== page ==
1. This is why we can’t have nice things!
        I live right near here and while a nice park would be great there I have no illusions that it won’t become a homeless magnet and sewer

    2. Yes, homeless have a right to enjoy green space. But that does not mean that you can infringe on someone else’s right to that green space by abusing the use of the space. Green space are not shelters, nor are they trash bins or toilets or drug needle disposal sites.

      1. Nope. It’s the block bounded by Folsom, Main, Howard, Spear which is Northeast of the proposed park. The low-rise residential shown in the simulation is bounded by Folsom, Main, Beale and Clementa.

    3. I agree that everyone (including the homeless if that is one’s current state) has right of use of such public amenities. However, I do not agree one has a “right” to choose to live a “homeless lifestyle” or that this is a civil liberties issue. Incumbent upon Society’s refusal to allow such behavior is a responsibility to provide the means to shelter such unfortunates until, if ever, they have the capacity to provide for themselves.

  5. It would be insanity to build any higher than 6 stories on the southern boundary of this park which is going to be an absolute gem.

      1. It’s the block bounded by Folsom, Main, Clementina and Beale which is directly south of the park.

        1. Upon a closer reading, it appears the proposed increased zoning is restricted to the corner “parcel” and not the entire block. Still, being immediately to the SE would mean morning shadowing.

          1. on a park which does not currently exist, and is surrounded on *all* sides by even taller buildings on surrounding blocks. per the image above.

          2. That’s not really true. Any buildings to the east are midrise at most and far enough removed as to present little problem as are Solaire and its low-rise BMR building at Folsom/Beale to the SW. The Park Tower to the *north* presents no problem. The Gang+ building to the SE will mean some additional morning shadowing though I support its upzoning as the effect should be within acceptable levels. That is to be contrasted with the extremists who object upon the basis of the very minimal effects it might have upon the primary areas of Rincon Park to its SE!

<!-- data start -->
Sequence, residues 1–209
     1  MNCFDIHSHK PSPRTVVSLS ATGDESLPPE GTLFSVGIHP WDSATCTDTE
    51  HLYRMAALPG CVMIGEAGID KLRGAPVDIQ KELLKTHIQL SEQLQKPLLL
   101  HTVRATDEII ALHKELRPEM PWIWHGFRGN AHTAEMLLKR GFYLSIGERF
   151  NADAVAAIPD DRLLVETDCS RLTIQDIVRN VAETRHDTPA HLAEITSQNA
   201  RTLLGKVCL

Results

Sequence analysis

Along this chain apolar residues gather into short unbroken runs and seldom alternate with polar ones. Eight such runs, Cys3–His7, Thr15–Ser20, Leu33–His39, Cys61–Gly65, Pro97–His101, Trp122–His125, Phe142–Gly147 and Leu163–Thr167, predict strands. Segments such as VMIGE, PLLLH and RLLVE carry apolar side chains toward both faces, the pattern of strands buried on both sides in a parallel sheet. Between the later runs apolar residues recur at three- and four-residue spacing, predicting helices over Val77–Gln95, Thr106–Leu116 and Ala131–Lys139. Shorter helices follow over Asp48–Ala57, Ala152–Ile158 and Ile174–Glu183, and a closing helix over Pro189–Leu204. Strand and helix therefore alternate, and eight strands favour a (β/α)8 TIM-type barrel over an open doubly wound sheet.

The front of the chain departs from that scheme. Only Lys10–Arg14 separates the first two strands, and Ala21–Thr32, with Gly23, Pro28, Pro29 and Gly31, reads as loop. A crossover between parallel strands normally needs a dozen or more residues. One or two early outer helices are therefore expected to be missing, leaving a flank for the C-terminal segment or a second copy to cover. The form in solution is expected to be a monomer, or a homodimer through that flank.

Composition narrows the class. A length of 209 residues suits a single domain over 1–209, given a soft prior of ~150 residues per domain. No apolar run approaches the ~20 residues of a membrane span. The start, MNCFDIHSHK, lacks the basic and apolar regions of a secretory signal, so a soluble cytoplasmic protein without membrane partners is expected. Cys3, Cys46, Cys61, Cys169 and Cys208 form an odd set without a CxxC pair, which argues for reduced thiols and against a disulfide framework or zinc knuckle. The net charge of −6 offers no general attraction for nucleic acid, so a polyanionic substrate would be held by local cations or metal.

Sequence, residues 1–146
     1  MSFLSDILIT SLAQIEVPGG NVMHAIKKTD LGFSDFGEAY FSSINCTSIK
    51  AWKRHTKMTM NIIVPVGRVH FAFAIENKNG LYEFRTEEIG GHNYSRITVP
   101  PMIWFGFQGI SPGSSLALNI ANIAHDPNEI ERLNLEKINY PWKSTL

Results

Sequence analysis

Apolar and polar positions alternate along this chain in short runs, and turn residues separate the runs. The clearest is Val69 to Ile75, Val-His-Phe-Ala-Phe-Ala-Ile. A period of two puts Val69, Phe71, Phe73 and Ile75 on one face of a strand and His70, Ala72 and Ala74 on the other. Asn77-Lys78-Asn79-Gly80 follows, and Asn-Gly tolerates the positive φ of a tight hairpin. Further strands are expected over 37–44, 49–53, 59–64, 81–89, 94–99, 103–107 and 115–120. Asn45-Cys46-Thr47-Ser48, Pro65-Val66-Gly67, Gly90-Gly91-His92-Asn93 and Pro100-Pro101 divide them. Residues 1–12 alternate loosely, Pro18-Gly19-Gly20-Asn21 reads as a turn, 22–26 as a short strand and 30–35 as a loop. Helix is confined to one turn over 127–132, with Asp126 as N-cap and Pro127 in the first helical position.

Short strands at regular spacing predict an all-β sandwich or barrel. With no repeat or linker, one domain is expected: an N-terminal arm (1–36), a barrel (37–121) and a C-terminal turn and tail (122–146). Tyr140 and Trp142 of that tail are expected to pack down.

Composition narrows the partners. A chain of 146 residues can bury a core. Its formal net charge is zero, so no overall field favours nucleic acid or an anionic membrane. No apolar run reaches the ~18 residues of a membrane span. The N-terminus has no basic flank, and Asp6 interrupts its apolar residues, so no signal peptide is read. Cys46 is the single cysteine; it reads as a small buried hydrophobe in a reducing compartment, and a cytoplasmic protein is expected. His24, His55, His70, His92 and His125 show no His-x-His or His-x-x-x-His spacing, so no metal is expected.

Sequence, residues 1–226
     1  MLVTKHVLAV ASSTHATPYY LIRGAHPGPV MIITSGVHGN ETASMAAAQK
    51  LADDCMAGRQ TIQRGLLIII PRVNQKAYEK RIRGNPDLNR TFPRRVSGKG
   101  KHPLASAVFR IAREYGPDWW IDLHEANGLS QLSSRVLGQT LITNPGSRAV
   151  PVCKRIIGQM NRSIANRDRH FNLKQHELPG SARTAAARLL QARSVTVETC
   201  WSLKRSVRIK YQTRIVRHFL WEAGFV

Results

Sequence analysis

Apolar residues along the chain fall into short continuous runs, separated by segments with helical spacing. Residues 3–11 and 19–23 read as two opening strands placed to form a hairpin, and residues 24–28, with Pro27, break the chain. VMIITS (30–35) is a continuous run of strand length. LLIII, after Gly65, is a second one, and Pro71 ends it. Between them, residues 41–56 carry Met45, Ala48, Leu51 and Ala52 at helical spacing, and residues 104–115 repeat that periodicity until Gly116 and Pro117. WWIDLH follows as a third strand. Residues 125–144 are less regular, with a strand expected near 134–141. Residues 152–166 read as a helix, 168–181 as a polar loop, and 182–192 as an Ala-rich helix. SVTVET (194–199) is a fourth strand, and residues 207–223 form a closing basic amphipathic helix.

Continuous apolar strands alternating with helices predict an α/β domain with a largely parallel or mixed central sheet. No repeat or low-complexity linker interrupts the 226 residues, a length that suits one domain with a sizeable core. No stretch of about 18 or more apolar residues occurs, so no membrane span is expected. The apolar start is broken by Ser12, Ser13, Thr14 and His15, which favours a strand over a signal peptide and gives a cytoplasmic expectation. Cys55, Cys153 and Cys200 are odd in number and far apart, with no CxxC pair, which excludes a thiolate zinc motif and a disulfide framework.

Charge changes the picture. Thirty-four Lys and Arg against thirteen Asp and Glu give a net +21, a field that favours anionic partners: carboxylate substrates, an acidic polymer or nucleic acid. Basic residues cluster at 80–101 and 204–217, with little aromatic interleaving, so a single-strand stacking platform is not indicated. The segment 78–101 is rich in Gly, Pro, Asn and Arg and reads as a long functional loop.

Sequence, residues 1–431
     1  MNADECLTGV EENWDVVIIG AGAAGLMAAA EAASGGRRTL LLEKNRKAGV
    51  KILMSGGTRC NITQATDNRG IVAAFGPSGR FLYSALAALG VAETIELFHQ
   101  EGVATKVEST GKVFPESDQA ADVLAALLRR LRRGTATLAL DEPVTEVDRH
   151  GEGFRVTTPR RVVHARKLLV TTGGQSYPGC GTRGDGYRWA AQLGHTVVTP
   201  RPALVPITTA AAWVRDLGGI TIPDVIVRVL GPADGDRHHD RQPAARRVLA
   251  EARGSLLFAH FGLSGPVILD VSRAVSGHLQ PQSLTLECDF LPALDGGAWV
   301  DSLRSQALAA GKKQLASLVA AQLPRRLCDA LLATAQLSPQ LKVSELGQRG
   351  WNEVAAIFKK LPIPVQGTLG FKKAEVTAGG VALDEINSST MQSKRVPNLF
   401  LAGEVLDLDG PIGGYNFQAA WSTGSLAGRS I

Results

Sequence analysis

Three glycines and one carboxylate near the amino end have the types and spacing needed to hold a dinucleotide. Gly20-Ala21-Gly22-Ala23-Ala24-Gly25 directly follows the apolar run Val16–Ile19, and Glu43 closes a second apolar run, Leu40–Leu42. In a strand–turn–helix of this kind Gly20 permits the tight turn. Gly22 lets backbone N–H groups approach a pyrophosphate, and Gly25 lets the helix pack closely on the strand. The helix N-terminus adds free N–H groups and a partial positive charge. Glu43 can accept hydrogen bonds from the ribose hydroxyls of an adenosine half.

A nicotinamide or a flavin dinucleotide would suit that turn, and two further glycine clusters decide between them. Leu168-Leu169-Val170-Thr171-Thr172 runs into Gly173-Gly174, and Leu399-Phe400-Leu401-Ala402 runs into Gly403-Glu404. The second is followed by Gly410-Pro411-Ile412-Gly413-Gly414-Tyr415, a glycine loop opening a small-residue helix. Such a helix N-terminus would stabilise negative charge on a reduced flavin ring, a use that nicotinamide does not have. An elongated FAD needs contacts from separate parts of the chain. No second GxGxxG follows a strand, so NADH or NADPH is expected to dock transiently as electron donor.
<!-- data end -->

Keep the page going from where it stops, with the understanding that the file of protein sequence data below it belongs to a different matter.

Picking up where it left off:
This should be a wonderfully sun-splashed greensward from mid-afternoon onward in the very middle of all that urbanity you describe. An absolute gem and worthy of genius planning.

            But to put a hulking mass directly upon its SOUTHERN boundary would be sheer madness.

  6. You might think it insanity, but 165 feet has been the law for 10 years, after a prior 10 years of planning, public meetings, etc etc etc.

    1. Plans to build a park here post-date any such zoning and that should be reflected in whatever general planning does not take it into account.

  7. People in here talking about this park being a homeless hangout should realize that this park is surrounded by dense, residential dwellings. People will constantly complain and call 311 on the homeless and they will have to move elsewhere. It’s not like this park is a BART stop or a market street alley.

      1. They can’t do anything about the wider problem. But they can keep homeless out of small areas like certain parks and neighborhoods. Ever see homeless wandering around pacific heights?

        1. yes, in fact, when i lived there, i had to call multiple times because a guy kept sleeping in my carport.

          there are also frequent homeless in lafayette and alta plaza park, sepcially at night and early in morn. not as common, but they are there and they are increasing. but they wont be able to control downtown because there is a denser population of homeless. yerba buena is a nice park, but frequent homeless people there.

        2. Yesterday, mid-afternoon after having read this item, I walked the 5 or 6 blocks of the north side of lower Mission Street passing numerous plazas, mini-parks and squares paying particular attention to the people using them. I saw one apparent “homeless” (though neatly kempt) person sitting on the concrete seating in front of Golden Gate Law.

          I don’t mean to minimalize the situation, especially the human misery, but sometimes I wonder if I’m living in the same city as some here.

  8. Maybe one solution would be a glass enclosure around the space and card-key access provided only to members of the neighborhood urban gardening group. A majority portion of the space could be devoted to orchards and vegetable gardens and the produce provided to the food bank. It would be so much more attractive and productive than being otherwise occupied.